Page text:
… “Be sure to wear some flowers in your hair” February 22, 2012Posted by IaninSheffield in Inspiration, Musings, Web 2.0.
Tags: competition, dml, dml competition, finals, ict quests
It only seems like a short while ago that I first became aware of the Open Badges movement:
Learning today happens everywhere, not just in the classroom. But it’s often difficult to get recognition for skills and achievements that happen outside of school. Mozilla’s Open Badges project is working to solve that problem, making it easy for anyone to issue, earn and display badges across the web — through a shared infrastructure that’s free and open to all. The result: helping learners everywhere display 21st century skills, unlock career and educational opportunities, and level up in their life and work.
The project we’ve recently been working on in school (ICT Quests) seemed to be being constructed in a way which could benefit from the principles of Open Badges. So when the DML Badges for Lifelong Learning competition was announced, the possibility of offering an entry seemed to make sense. Well I’m not quite sure how, but we seem to have dropped lucky. Our submission not only got through the first round of selection, but we’ve been invited to the finals! They’re taking place in San Francisco next Tuesday & Wednesday, with the overall winners to be announced on the first day of the DML Conference.
Our entry was in the ‘Learning & Content’ stage with the ‘Design & Tech’ stage being undertaken by different groups to follow. For the finals we’ve been partnered with an open source development team from Catalyst IT, led by Richard Wyles (Project Lead for Mahara) in New Zealand. Their entry was “Moodle as Issuer, Mahara as Displayer” and clearly links with our ICT Quests through Moodle, our VLE – good matching by the competition organisers.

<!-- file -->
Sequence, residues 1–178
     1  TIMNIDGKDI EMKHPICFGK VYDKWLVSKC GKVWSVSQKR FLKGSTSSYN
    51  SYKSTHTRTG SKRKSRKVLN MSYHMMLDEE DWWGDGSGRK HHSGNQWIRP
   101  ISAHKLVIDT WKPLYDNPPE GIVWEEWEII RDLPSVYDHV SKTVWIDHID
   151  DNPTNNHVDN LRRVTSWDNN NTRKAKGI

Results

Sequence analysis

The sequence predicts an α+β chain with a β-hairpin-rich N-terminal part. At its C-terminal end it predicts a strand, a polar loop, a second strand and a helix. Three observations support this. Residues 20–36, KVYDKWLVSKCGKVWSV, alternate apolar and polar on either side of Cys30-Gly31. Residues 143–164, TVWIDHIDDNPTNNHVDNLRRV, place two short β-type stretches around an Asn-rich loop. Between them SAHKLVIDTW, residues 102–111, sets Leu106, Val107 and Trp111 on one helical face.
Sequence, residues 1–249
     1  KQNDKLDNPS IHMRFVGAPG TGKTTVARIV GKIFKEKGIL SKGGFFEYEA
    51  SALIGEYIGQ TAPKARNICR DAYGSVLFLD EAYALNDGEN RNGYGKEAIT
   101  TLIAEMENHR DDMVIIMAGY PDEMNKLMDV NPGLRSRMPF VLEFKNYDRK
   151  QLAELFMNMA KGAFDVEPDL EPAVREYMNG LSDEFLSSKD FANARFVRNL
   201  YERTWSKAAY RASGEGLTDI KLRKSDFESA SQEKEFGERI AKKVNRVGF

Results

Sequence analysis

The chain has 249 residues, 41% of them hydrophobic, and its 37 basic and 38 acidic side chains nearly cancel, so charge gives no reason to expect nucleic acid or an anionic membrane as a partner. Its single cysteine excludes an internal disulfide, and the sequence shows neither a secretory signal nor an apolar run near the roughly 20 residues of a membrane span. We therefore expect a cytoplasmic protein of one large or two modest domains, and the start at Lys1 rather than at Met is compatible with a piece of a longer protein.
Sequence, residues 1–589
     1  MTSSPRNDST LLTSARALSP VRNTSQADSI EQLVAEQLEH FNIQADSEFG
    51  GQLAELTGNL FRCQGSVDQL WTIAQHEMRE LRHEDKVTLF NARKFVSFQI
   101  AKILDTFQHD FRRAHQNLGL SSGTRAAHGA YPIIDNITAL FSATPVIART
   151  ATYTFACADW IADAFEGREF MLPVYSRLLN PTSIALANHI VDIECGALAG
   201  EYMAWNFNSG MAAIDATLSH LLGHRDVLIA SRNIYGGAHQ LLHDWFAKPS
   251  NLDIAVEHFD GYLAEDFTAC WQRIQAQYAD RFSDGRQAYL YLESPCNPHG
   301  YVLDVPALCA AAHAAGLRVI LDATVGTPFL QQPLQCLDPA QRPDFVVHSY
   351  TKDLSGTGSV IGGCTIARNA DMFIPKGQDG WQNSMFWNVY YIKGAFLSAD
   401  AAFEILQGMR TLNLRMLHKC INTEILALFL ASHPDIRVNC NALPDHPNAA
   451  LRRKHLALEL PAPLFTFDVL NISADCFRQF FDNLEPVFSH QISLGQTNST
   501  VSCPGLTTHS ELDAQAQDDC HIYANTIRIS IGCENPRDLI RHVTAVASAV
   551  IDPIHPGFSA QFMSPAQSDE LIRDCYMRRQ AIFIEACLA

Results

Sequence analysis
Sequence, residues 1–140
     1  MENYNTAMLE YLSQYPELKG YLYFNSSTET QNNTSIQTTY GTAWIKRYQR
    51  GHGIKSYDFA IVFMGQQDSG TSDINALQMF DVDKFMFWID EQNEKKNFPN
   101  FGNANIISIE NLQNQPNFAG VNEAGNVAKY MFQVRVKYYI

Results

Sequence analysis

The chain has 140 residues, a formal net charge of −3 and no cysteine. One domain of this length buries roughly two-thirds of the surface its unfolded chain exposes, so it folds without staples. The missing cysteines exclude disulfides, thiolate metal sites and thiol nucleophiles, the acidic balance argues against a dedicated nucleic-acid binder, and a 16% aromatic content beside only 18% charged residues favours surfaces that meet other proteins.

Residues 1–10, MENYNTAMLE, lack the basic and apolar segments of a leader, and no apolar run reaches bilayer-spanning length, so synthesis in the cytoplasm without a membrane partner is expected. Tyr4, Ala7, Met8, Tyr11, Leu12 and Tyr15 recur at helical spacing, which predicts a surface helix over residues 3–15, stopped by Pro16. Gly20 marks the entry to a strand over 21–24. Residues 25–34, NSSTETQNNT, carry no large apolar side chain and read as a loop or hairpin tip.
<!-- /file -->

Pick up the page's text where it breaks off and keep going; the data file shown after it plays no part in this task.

So now it’s all hands on deck to prepare our pitch for the judges. It’s not a massively big ask, but clearly competing against other teams adds a certain … edge! Bearing in mind we only have a maximum of 10 minutes to cover what our project can offer to the Open Badges movement, ensuring that the criteria for the content and tech strands are both covered and that they marry together to deliver a coherent whole. Condensing all that into a meaningful pitch is proving to be quite demanding. Given that projects can attract up to $200 000 of funding, it’s taking quite a bit of thought what to include and leave out … let alone the style! A bit like condensing Hamlet into a single Tweet.
So next Tuesday after the orientation and information dissemination session at the California Academy of Sciences, Richard and I will be knocking our pitch into shape, distilling and refining the content and finalising our budget ready for the judges on the following day.
Excitement and fear often do hold hands don’t they?